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UNITED FOR PEACE OF PIERCE COUNTY

"We nonviolently oppose the reliance on unilateral military actions rather than cooperative diplomacy."

'THE VIETNAM MOMENT IS AT HAND' IN IRAQ
AS THE DIMENSIONS OF THE CATASTROPHE BECOME CLEARER

October 19, 2006

For two and a half years now, it has been apparent to observers that United States policy in Iraq is counterproductive, exacerbating the very problems it purports to address.  The extraordinary dimensions of the catastrophe that the Bush administration has brought about in Iraq are now impossible to deny.  United for Peace of Pierce County calls on Americans to demand that U.S. troops be withdrawn from Iraq.

This week the distinguished British journalist Sir Simon Jenkins described the Iraqi catastrophe in these terms:  "A third of Iraq's professional class is reported to have fled to Jordan, a flight of skills worse than under Saddam. U.N. monitors now report 2,000 people a day are crossing the Syrian border.  Over a hundred lecturers at Baghdad University alone have been murdered, mostly for teaching women.  There are few places in Iraq where women can go about unattended or unveiled.  Gunmen arrived earlier this month at a Baghdad television station and massacred a dozen of the staff, an incident barely thought worth reporting.  The national museum is walled up.  Electricity supply is down to four hours a day.  No police uniform can be trusted.  The arrival anywhere of an army unit can be prelude to a mass killing and makes a mockery of the American policy of 'security transfer.'  All intelligence out of Iraq suggests that this is no longer a functioning state" (Guardian [U.K.], October 18, 2006).

The size of the disaster in Iraq for which the Bush administration is responsible staggers the imagination. On October 12, 2006, the Lancet a respected British medical journal, published a scientific study entitled "Mortality after the 2003 Invasion of Iraq:  A Cross-Sectional Cluster Sample Survey."  It concluded:  "We estimate that as of July 2006 there have been 654,965 (392,979-942,636) excess Iraqi deaths as a consequence of the war, which corresponds to 2.5% of the population in the study area.  Of post-invasion deaths, 601,027 (426,369-793,663) were due to violence, the most common cause being gunfire."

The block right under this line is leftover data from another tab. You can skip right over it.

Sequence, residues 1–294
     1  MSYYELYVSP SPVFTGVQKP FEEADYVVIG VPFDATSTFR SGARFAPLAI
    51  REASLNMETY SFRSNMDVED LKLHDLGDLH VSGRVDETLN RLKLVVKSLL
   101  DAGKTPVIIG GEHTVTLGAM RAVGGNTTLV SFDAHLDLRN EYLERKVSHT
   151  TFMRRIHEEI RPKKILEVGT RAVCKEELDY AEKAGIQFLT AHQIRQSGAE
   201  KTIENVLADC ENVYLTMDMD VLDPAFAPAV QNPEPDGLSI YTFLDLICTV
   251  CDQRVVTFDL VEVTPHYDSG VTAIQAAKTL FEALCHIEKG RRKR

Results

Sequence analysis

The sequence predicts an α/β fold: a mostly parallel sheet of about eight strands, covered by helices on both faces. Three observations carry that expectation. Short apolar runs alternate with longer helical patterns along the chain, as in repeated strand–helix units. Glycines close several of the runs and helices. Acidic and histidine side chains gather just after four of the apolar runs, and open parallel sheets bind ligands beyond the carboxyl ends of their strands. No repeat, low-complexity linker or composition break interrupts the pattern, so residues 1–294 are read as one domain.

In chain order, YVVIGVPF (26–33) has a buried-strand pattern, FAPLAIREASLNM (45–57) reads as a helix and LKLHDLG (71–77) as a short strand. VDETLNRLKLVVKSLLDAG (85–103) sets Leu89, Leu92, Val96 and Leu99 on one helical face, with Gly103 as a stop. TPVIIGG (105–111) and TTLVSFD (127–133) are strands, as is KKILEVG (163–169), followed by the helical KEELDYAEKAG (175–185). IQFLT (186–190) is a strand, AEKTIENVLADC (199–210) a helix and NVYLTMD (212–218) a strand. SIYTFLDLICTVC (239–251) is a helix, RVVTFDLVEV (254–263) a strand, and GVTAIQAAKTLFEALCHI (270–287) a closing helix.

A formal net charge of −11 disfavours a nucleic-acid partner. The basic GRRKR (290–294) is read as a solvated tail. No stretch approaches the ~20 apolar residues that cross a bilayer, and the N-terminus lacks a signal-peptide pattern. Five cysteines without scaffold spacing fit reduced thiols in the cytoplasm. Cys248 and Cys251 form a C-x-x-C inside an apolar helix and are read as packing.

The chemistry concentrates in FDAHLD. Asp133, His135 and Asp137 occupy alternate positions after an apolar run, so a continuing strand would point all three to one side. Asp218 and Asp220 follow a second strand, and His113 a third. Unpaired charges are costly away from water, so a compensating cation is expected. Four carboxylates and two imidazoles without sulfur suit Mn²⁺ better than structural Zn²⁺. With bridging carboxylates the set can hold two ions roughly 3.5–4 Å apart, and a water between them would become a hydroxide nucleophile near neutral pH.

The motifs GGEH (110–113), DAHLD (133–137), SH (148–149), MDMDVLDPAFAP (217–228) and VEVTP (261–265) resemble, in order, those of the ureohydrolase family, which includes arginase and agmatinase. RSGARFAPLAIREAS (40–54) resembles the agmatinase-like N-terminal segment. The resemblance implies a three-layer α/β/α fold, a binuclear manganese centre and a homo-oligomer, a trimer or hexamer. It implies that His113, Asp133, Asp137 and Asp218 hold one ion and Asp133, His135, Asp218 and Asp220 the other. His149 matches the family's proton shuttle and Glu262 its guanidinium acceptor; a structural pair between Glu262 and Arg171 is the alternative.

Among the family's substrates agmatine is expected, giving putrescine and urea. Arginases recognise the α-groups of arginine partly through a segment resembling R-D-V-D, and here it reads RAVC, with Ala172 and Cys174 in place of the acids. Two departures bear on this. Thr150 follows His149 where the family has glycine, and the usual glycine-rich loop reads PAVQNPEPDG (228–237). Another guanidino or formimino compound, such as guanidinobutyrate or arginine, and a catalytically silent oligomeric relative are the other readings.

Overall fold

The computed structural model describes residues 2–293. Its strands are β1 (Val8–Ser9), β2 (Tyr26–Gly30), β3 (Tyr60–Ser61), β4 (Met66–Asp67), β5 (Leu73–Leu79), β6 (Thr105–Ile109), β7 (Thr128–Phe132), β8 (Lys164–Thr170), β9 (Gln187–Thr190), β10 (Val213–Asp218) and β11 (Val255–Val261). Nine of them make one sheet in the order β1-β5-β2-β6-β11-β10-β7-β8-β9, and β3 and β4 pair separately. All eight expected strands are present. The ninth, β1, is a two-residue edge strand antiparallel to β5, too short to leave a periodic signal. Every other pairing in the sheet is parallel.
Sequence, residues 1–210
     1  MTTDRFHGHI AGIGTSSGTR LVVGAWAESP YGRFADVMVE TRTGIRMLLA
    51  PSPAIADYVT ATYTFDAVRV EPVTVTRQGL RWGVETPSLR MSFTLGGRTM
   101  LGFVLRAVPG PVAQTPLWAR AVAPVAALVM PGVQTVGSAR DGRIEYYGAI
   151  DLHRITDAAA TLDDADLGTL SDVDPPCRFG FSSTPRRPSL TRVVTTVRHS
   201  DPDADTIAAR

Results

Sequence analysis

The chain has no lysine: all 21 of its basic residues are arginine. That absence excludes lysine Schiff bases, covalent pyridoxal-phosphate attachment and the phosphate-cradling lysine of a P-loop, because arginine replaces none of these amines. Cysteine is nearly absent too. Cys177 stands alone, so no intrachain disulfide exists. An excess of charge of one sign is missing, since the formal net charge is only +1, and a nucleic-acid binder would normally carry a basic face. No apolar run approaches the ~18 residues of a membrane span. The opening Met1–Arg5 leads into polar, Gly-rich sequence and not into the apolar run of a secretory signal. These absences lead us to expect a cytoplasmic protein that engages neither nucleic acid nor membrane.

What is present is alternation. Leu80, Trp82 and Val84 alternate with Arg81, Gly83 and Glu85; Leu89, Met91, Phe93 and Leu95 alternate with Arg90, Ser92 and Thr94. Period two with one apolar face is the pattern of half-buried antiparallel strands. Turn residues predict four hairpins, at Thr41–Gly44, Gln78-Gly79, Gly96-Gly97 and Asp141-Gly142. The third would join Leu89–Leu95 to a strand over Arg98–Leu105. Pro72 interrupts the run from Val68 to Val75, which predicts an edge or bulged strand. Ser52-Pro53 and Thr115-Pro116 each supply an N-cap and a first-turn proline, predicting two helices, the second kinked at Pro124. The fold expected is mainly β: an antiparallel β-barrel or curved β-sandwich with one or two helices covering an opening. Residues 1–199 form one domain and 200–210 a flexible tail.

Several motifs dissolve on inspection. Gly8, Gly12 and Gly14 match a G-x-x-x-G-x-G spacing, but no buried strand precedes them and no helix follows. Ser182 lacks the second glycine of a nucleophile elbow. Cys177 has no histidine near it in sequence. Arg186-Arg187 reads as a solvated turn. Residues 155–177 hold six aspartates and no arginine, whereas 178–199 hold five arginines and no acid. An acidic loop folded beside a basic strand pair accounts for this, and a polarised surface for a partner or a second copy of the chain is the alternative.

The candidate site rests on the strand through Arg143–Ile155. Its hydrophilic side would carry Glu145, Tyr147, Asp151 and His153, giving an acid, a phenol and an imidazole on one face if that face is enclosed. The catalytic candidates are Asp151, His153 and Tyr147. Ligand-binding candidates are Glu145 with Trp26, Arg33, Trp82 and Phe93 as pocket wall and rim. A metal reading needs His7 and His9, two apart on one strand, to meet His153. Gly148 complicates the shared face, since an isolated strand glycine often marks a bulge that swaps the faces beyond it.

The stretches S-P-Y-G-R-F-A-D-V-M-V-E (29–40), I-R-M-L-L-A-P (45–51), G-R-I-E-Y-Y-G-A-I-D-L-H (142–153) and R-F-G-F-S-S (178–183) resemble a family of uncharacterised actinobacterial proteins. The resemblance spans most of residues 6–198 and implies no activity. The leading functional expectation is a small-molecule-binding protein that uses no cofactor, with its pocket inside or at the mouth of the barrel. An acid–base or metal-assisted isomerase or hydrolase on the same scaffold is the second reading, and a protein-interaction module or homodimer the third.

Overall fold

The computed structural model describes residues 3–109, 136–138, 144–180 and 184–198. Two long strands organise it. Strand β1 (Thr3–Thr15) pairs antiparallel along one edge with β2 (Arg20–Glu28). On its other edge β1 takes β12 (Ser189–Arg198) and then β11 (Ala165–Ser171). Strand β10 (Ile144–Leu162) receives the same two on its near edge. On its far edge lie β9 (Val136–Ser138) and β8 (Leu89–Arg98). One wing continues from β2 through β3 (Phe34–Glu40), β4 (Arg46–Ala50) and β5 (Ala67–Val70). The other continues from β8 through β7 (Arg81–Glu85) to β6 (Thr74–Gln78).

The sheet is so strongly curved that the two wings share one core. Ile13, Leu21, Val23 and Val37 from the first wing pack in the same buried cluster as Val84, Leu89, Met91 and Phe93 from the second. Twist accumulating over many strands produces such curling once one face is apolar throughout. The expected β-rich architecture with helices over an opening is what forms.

Even the Iraq Study Group, a bipartisan collection of éminences grises led by former U.S. Secretary of State James A. Baker III and former Congressman Lee H. Hamilton that since March 2006 has been casting about for some way out of the disaster, has concluded that the U.S. must change its policy. The "Baker report," it was learned last week, will urge "that the military should focus on stabilizing Baghdad while the American Embassy should work toward political accommodation with insurgents.  The goal of nurturing democracy in Iraq is dropped" (New York Sun, October 12, 2006).  The Sun also indicates that the report will call "for the phased withdrawal of American soldiers from Iraq."

Simon Jenkins commented:  "The Baker report on an exit strategy from Iraq, leaked this week in the U.S., is as sensible as it is sensational.  It rejects 'staying the course' as no longer plausible and purports to seek alternatives to just 'cutting and running.'  Stripped of political sweetening, it concludes that there is none.  America must leave Iraq without preconditions and hope that its neighbors, hated Syria and Iran, can clear up the mess.  This advice comes not from some antiwar coalition but from the Iraq study group formed under the former Republican secretary of state, James Baker, set up by Congress with President George Bush's endorsement.  Students of Iraq studies should at this point sit down and steady their nerves.  Kissinger is in Paris.  The Vietnam moment is at hand."

UNITED FOR PEACE OF PIERCE COUNTY

"We nonviolently oppose the reliance on unilateral military actions rather than cooperative diplomacy."